Tag Archives: finding truth

107. How Voters Find Truth

20 Aug

While politicians are the immediate cause of our country’s problems, the primary, ultimate cause is bad decisions by voters.

One problem may be that our government and social system have evolved faster than the general skill of voters. Highly educated people probably do a good job, but the most poorly educated can make disastrous mistakes. It’s similar to the ordinary person trying to understand current technology.

I suspect that many voters have a difficult time deciding who is telling the truth. In the past, great newspapers like the NY Times and Washington Post, for example, were highly trusted. And also certain news people, like Edward R. Murrow, Walter Cronkite and several others were considered authorities.

Compare Trump with these traditional sources. Trump never apologizes or corrects errors. The best he can say is that he was joking or being sarcastic. Major newspapers, on the other hand will print corrections if necessary, and the record shows that they do. They never state after a few days, that they were joking or being sarcastic. It is incredible that I have to say, that the words of a US President must be serious and correct. And yet, some voters just don’t care.

Here is a list of ways to determine whether a leader is truthful:
1. Is there a reasonable amount of consistency in similar statements made at different times? (See Trump’s reasons for firing FBI James Comey.)
2. Is there consistency between himself and his staff? (Trump’s attack on NATO was not supported by his staff.)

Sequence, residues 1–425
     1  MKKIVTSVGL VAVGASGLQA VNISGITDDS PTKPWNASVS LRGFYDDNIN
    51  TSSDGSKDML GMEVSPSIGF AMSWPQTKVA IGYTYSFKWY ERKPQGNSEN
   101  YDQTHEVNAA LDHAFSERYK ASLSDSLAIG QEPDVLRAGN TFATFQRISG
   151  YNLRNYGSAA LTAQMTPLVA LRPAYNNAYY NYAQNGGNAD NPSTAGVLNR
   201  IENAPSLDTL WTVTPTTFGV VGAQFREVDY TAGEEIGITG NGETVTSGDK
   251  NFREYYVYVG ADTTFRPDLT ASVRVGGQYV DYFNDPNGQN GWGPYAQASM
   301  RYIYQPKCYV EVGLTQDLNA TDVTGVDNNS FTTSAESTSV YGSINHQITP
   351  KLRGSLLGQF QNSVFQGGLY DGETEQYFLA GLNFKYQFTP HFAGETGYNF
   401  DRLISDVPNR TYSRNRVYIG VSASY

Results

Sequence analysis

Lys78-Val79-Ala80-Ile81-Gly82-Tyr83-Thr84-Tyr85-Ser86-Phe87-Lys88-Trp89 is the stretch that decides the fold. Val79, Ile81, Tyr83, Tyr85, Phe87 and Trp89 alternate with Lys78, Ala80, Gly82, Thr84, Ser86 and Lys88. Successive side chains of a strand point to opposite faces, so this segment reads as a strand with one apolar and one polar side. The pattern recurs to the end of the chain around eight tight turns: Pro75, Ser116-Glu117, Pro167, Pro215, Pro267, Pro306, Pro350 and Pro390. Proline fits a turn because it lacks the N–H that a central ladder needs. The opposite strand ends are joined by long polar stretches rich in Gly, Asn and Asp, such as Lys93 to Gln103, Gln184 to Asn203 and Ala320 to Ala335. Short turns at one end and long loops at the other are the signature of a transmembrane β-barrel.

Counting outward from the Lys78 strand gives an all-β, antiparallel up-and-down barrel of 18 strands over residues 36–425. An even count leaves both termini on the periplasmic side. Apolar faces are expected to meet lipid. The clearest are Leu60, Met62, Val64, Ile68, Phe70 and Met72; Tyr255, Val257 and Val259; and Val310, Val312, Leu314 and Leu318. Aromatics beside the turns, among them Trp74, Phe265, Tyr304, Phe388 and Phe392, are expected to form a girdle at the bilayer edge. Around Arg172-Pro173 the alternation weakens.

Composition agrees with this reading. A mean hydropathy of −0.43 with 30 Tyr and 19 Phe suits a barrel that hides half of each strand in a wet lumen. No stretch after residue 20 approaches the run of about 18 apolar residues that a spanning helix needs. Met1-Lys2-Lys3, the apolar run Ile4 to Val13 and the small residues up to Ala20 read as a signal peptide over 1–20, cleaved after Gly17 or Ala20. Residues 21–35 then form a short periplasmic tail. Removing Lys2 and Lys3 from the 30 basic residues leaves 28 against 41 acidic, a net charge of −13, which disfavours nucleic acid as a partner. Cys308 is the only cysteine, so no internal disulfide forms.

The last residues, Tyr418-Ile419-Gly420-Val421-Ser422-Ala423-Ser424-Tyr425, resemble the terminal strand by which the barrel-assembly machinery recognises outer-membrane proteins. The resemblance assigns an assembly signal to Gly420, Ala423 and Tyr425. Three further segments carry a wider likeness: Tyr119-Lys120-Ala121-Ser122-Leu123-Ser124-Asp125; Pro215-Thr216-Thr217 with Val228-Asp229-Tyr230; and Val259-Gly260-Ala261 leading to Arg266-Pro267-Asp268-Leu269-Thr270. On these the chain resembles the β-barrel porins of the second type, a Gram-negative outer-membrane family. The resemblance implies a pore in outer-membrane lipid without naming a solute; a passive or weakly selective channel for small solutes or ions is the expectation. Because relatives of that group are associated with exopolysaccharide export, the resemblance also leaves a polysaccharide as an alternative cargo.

3. Does he correct errors. Everyone occasionally makes a mistake. (No corrections.)
4. Are his promises realistic (“Mexico will pay for the wall”, really?)
5. If a leader says the press is always “fake,” and he is the only source of truth, isn’t that a little suspicious. After all, the press includes a wide variety of orientations from way left to far right (even alt-right).
6. It is easy to check (with a little bit of searching) how he quotes other people.
7. Does he accurately portray established historical facts? (See what Trump says about the childhood of ex-president Obama.)
8. Does the leader appear to have a good understanding of complex issues.
9. Does the leader tend to avoid directly answering questions by the press.

I know that the voters that really need to read this, probably will not, but this may be helpful for anyone who is trying to promote citizen education.



18 Apr

In my last blog, I promised to discuss solutions to the problem of “Self-Defeating Votes.” Everyone knows that this is a very difficult task, but I wanted to write down some thoughts, at least to see for myself, what I can come up with. And even if I do not change the world, maybe I can stimulate others to generate better ideas.

What I can say is that if we do get solutions, they will likely come slowly,and with considerable effort. What I am going to present is basic and would be applicable to any party affiliation. However, I will state that what I present does reflect a political preference for Democrats, as I believe that they are much more likely to improve the country for all, and particularly for the life of non-rich people.

A general method for voter improvement is simply to repeatedly emphasize in all types of communication, the basic problems and the development of rigid beliefs. I am going to address each topic previously presented in my Post 6.

Politician and media lies, distortions and omissions

The first rule is that more liberal and intelligent politicians must be scrupulously honest, to keep their credibility. Then they must carefully lay out their arguements and proofs. Mostly what we hear from politicians is inspiring talk and little about actual plans and details. Probably because that is what gets a lot of votes. Maybe what we need is both. Let the politicians inspire us, but they should also set up web sites, pamphlets, and TV presentations that are very clear, logical, and well-organized. That way, they can cover both avenues, the more intellectual and the more emotional.